The main thing I take advantage of when I’m at home, aside from the free laundry, the meals, and the room and board and stuff, is office supplies. Growing up you never paid for your own staples or stamps or tape or paperclips or any of that stuff – at least I know that I didn’t. So that’s the great secret – office supplies. The more you’ve purchased the more of an adult you are.
Do you own envelopes? a stapler? scotch tape? packaging tape? stamps? paperclips? a stapler remover? 3X5 index cards? those little labels that say "sign here" and are shaped like arrows? post-it notes (in multiple colors)? white out?
I own a stapler, and not one of those weak, student model, plastic, holds only 5 staples, kind of staplers. It’s black, it’s metal, it’s hefty, it’s a Swingline, it’s perfection. I bought it at a thrift store, but it’s a stapler nonetheless. Why did I buy it? My family owns more than half a dozen staplers, but I personally did not own one. And it’s not just the stapler; it’s the fact that I bought a box of staples for it that truly demonstrates how responsible I am. 5000 staples in this box. It will take me a lifetime to use them all – even if I were to write 2, 763 more papers, hand out 105 more ward newsletters, and become some sort of activist that hands out bunches of stapled leaflets protesting the economic status of the Netherlands I would still have thousands of staples left. I bought them because they’re an investment - they’re something I know I’ll use (eventually).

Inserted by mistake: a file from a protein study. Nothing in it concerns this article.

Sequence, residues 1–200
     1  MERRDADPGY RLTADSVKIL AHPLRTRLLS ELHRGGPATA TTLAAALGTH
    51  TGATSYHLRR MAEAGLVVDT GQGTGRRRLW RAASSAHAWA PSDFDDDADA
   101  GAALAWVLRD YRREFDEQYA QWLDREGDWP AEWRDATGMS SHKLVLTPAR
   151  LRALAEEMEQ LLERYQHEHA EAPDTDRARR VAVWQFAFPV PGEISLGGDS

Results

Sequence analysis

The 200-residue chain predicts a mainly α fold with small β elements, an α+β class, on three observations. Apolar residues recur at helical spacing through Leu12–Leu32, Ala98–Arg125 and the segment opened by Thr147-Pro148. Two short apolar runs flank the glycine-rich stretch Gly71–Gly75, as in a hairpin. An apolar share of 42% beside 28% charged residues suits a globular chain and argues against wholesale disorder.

I also own tape. It saddens me to buy tape. It saddens me more to use tape, because I know that using it means I’ll have to buy more. I don’t use paperclips, so I don’t buy them. But I pick them up whenever I see them on the ground. I don’t know why, because I don’t clip paper together with them, that’s for sure. I just unbend them before depositing them somewhere else.
I don’t know who mails in our electric bill each month.
I wouldn’t have done it except I needed to mail a letter by today to a certain Elder of krebscout’s. It was a dang funny letter. He’d better appreciate my twisted sense of humor and the fact that my soul is now in a cash register up on campus somewhere. But in spite of my indignation I know as well as anybody that it had to happen some day-it was a dream to think I could avoid it forever. I just always thought it would never catch up to me, and spent my time wishing that this day (like most days) would stay in the distant future. Stupid future catching up with me.